The author examines the history of the diagnosis of hysteria in psychoanalysis and psychiatry focusing in particular on its vicissitudes in the Diagnostic and Statistical Manual of Mental Disorders from the second edition of 1968 to the fifth of 2013. In the two latest editions the term hysteria has been dropped and with it also the concept encompassing this pathology that instead is present in the psychiatric and psychoanalytic tradition starting from the first modern theories formulated in the late 1800s (Briquet, Babinski, Bernheim, Charcot, Janet and Freud). Its current nosological derivatives can be found in the DSM in various categories such as Conversion disorder, Pseudokinesis, Dissociative disorders in addition to the Histrionic Personality Disorder. With the help of psychoanalytical literature, the Author identifies the common denominator of hysterical functioning in the tendency to communicate distress through indirect channels (body, states of consciousness, emotions). This would justify the preservation of this diagnosis as a single category.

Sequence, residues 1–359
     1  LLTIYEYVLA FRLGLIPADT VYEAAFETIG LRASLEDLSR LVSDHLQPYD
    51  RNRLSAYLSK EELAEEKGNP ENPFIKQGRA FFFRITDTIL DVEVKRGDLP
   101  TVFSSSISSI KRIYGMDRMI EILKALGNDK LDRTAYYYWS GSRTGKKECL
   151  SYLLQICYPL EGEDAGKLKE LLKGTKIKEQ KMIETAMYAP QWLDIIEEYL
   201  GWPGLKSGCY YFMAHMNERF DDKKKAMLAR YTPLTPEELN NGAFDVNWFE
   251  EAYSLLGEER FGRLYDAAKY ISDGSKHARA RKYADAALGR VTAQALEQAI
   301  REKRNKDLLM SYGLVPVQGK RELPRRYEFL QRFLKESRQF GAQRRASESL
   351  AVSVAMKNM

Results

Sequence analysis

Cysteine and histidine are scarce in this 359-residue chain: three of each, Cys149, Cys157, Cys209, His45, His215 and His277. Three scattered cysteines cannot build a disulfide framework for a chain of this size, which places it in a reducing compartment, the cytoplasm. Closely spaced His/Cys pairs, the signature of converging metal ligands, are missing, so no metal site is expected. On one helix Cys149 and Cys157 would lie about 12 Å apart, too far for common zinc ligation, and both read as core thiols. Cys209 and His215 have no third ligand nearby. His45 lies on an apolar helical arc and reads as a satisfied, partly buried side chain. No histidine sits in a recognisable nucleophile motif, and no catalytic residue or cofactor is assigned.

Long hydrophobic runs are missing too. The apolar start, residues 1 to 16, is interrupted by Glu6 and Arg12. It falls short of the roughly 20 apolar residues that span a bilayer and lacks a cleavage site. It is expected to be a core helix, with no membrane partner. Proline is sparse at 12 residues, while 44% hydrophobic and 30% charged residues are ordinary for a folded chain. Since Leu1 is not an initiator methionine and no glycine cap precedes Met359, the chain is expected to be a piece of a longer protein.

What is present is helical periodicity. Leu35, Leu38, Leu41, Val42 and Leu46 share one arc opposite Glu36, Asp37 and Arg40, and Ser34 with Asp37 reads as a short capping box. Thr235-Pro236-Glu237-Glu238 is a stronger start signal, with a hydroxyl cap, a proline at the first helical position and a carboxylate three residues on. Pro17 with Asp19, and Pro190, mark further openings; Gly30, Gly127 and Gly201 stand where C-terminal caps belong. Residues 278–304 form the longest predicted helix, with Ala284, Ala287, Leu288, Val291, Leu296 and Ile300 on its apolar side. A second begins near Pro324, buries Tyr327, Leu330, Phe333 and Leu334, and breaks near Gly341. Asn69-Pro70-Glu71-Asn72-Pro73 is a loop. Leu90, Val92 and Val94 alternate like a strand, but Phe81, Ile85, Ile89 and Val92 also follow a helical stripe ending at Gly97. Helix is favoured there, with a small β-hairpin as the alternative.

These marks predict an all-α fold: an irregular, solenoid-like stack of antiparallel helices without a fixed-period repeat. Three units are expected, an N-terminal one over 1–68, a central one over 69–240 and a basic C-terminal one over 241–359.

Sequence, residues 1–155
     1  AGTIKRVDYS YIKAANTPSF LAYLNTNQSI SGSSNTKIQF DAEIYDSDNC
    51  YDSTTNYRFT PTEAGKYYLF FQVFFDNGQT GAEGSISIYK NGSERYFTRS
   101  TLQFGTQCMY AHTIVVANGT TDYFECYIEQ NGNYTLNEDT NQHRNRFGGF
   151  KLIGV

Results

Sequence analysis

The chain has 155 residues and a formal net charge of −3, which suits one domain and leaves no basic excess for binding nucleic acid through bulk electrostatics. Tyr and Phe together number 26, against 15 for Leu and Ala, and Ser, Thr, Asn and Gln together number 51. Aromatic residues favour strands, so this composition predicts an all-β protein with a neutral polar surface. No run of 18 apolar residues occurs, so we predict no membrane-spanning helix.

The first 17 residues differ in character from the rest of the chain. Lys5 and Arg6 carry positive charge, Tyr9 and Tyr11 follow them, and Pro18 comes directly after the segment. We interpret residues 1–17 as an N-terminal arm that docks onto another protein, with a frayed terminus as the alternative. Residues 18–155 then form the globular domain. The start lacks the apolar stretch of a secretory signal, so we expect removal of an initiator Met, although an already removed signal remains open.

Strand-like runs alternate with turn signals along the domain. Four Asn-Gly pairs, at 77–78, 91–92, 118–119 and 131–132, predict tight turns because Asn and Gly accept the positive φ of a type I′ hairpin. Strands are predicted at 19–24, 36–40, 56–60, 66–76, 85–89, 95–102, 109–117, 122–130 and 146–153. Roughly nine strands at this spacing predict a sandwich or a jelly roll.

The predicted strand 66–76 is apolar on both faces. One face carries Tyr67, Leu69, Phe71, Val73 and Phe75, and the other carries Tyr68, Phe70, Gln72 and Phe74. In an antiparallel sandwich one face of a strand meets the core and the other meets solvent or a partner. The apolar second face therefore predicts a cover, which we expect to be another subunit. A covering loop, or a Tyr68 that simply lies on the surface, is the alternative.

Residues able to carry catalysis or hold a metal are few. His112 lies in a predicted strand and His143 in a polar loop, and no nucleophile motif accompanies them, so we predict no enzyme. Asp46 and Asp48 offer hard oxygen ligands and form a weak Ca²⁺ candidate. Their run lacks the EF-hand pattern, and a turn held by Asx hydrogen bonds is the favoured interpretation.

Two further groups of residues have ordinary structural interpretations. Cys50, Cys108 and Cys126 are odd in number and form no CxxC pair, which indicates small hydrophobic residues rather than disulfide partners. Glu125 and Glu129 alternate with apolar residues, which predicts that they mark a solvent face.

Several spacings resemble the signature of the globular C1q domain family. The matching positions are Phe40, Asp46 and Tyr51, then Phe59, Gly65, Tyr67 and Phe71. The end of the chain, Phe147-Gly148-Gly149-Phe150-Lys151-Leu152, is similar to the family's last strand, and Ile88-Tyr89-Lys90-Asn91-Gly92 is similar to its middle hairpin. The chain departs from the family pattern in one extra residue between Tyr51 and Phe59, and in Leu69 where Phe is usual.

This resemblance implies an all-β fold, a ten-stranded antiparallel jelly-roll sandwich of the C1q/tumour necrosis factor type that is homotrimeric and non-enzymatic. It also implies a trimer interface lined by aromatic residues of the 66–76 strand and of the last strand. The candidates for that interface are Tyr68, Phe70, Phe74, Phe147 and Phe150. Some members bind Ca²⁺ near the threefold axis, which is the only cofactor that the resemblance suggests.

Keywords: Hysteria, DSM-V, somatisation, conversion, dissociation, represssion